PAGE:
Police Reform Is Popular. Rioting Is Not.

Once the fires are out, what is the best way to secure justice?

An illustration of a protester holding a checkmark voting box.
Gorb Andrii / Shutterstock / Paul Spella / The Atlantic

Over the weekend, Representative Ilhan Omar, a left-leaning Minnesota Democrat, lamented, “Every single fire set ablaze, every single store that is looted, every time our community finds itself in danger, it is time that people are not spending talking about getting justice for George Floyd.”

Once the fires are out, what is the best way to secure justice? The most promising national debate about Floyd and policing reform would reflect three realities: large majorities of Americans oppose riots; the public is deeply divided in its attitudes toward policing and race; despite those disagreements, large majorities favor specific reforms that would reduce police killings.

Opposition to riots is broad. On the 25th anniversary of the 1992 Los Angeles riots, Gallup noted that 73 percent of white Americans and 92 percent of black Americans believed that the not-guilty verdict in the trial of the police officers who beat Rodney King was unjustified, but that “nevertheless, 75% of blacks joined 79% of whites in calling the violence unjustified.”

Already, black elected officials who are accountable to large black constituencies are lauding peaceful protests and condemning violence. Mayor Keisha Lance Bottoms of Atlanta delivered a scathing denunciation of the cops who killed Floyd, immediately followed by scathing denunciations of violent unrest:

What I see happening on the streets of Atlanta is not Atlanta. This is not a protest … This is chaos. A protest has purpose. When Dr. King was assassinated, we didn’t do this to our city. So if you love this city, this city that has had a legacy of black mayors and black police chiefs and people who care about this city––where more than 50 percent of the business owners in metro Atlanta are minority business owners––if you care about this city, then go home.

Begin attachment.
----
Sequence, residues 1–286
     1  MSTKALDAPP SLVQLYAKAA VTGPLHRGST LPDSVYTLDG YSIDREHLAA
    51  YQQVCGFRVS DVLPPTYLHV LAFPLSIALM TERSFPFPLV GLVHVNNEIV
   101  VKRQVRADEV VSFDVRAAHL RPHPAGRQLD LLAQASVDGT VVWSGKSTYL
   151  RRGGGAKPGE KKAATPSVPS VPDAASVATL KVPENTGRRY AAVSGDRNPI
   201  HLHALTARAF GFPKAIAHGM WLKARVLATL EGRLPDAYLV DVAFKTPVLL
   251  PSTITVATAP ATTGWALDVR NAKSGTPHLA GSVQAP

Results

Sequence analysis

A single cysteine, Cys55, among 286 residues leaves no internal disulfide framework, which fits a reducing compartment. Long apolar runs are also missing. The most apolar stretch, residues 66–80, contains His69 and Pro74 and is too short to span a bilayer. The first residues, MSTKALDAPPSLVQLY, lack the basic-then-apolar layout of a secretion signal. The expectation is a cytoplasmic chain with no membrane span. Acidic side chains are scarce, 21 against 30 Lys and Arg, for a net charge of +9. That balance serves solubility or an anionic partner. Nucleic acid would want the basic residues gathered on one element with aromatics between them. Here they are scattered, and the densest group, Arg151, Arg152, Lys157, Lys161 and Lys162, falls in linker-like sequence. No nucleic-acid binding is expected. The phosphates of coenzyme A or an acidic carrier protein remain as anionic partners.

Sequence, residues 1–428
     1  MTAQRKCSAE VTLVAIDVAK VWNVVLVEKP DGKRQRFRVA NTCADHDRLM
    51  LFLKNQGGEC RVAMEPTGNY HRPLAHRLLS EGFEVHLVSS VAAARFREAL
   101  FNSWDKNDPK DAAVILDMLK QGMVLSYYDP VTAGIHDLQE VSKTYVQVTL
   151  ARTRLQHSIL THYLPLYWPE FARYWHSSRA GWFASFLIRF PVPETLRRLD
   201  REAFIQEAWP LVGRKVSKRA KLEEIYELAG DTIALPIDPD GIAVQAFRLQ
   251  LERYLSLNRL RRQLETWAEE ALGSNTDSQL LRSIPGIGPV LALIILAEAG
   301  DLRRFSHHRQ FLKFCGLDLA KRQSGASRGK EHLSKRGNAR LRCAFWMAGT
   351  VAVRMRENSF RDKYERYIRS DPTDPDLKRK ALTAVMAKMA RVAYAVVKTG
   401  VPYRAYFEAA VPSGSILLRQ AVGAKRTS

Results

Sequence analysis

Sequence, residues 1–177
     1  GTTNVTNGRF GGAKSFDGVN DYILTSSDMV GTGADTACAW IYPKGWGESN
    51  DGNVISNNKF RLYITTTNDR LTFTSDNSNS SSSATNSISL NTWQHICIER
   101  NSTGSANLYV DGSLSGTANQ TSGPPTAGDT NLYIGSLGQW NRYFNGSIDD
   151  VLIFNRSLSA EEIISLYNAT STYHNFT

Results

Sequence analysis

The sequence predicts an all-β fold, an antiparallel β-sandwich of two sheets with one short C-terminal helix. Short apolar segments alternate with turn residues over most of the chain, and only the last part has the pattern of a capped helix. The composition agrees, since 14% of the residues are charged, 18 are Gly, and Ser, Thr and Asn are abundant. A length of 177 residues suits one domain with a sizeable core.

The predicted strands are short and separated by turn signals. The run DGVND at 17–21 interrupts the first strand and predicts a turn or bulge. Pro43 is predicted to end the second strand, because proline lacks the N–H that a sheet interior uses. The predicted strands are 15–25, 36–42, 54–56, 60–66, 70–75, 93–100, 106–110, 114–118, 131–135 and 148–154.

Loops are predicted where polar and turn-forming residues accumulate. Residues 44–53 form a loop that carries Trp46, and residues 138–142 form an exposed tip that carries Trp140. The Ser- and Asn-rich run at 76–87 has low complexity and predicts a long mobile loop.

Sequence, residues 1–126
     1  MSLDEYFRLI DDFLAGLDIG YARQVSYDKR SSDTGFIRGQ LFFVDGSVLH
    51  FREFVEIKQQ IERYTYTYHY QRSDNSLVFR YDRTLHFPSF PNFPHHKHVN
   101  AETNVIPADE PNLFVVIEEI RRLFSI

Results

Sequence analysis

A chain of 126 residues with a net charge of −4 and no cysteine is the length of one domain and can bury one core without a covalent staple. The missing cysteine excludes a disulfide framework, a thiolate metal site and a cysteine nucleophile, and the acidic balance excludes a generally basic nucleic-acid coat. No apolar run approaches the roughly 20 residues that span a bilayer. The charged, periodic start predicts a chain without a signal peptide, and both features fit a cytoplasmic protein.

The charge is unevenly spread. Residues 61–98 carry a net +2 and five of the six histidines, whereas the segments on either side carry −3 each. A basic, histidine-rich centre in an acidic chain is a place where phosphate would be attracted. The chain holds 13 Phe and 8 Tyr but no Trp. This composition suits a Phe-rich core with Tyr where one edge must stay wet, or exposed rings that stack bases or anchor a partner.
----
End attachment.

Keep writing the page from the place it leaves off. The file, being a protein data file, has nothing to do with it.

You’re not honoring the legacy of Martin Luther King Jr. and the civil-rights movement. You’re not protesting anything running out with brown liquor in your hands, breaking windows in this city. T.I. and Killer Mike own half the west side! So when you burn down this city, you’re burning down our community. If you want change in America, go and register to vote. Show up at the polls. That is the change we need in this county. You are disgracing our city. You are disgracing the life of George Floyd and every other person who has been killed in this country. We are better than this. We’re better than this as a city.

On Saturday, Omar held a press conference in Minneapolis during which she inveighed against rioting and discussed the hard work of so many in the community to build minority-owned businesses in the Lake Street corridor—where some of those same businesses had just burned. “We can be angry; we can ask for justice; we can protest; we can take it to the streets. What we cannot do is start a fire,” she said. “If you care, again, about black lives, you cannot set a fire in Minneapolis risking black lives.”

Americans who abhor riots do so for good reason. When a protest descends into violence, the people who had gathered to advance justice nonviolently are invariably robbed of the ability to define events.

A riot may begin as the language of the unheard. But it quickly enables nihilists and sadists to inflict pain with unusual impunity. The victims might include protesters, bystanders, and journalists struck with a needless baton strike or stream of pepper spray, elderly people who mourn the destruction of the only pharmacy in their neighborhood, and terrified immigrants who lament the burning of their livelihood. As fires are set, as chaos spreads, people on the sidelines grow scared, and outraged. Support rises for tough “law and order” tactics, curfews, and even martial law.